In May 1902, Mrs. Moss renewed the ground lease.[76] Over the following years, the theater's hits included The Sultan of Sulu (1902–03),[77] a musical satire by George Ade with music by Alfred George Whathall; The County Chairman (1903–04)[78] by George Ade, starring Maclyn Arbuckle; The Squaw Man (1905–06)[79] by Edwin Milton Royle, starring William Faversham and George Fawcett; The Rich Mr. Hoggenheimer (1906–07),[80] a musical farce with book and lyrics by Harry B. Smith and music by Ludwig Engländer, and starring Sam Bernard; A Knight for a Day (1907–08),[81] a musical comedy with book and lyrics by Robert B. Smith and music by Raymond Hubbell; Alias Jimmy Valentine (1910)[55] by Paul Armstrong, starring H. B. Warner and Laurette Taylor; Pomander Walk (1910–11)[82] by Louis N. Parker, starring George Giddens and Lennox Pawle; Disraeli (1911–12)[83] by Louis N. Parker, starring George Arliss; and Grumpy (1913–14),[84] a thriller by Horace Hodges and T. Wigney Percyval, starring Cyril Maude and Margery Maude.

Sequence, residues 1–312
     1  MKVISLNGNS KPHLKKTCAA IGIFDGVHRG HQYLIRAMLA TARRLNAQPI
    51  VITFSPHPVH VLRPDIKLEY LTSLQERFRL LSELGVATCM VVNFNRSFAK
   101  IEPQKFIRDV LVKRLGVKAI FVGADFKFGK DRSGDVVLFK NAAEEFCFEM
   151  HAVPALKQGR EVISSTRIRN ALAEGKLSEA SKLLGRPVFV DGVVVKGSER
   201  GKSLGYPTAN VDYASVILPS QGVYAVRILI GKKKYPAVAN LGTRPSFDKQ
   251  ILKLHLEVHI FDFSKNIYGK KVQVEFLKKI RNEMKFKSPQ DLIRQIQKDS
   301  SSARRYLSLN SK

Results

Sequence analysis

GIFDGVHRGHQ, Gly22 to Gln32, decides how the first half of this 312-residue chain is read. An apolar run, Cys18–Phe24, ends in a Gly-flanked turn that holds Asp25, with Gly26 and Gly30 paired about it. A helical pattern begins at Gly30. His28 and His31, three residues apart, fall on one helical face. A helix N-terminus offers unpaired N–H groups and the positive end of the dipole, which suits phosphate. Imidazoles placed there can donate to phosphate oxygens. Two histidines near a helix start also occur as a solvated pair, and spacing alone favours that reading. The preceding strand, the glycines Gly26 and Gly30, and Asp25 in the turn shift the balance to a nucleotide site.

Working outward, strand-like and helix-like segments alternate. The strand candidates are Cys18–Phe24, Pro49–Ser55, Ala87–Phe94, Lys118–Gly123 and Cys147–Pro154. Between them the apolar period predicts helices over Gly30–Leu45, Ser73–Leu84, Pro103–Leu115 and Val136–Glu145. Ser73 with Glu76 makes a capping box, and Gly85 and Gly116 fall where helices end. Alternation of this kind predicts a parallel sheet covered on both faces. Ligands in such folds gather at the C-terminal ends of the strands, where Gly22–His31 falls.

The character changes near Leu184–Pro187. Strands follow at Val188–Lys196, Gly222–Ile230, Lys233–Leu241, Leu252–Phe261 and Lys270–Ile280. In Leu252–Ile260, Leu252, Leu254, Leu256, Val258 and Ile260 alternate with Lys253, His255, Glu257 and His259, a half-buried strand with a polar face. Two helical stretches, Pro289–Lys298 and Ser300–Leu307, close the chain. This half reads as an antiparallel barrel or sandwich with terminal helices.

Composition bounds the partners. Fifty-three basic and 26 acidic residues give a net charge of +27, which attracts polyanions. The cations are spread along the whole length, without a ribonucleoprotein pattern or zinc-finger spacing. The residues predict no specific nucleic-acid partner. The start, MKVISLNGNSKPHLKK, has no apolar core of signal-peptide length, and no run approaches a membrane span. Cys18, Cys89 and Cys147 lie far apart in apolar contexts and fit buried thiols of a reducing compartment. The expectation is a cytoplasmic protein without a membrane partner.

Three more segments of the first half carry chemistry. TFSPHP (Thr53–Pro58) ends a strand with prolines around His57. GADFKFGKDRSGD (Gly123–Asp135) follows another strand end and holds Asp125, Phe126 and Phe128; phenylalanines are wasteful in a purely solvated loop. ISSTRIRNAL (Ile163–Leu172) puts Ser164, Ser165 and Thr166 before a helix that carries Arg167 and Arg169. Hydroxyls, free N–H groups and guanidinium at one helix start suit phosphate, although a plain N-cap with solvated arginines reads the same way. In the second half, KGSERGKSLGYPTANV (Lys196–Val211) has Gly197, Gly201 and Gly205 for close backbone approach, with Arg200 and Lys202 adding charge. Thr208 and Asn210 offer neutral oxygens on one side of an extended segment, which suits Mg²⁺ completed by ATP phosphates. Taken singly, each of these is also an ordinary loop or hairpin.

Mrs. Moss died January 15, 1910.[85] Royal Moss, administrator of her estate, leased Wallack's Theatre to Charles Burnham.[86]

In January 1915, the Treblig Realty Company, comprising Mrs. Moss' heirs, sold the theater.[87] On January 27, English actor-manager Granville Barker and his troupe began a repertory season at Wallack's.[88] In March, plans were announced for a 12-story factory building to replace 29-33 West 30th Street – i. e., the stage and dressing rooms – curtailing Barker's run.[89]

The last performance at Wallack's 30th Street theater occurred on Saturday night, May 1, 1915, when Barker's company presented Androcles and the Lion and The Man Who Married a Dumb Wife. Following the plays, an epilogue written for the occasion by Oliver Herford was read by Rose Coghlan, the leading lady on opening night in 1882.[90]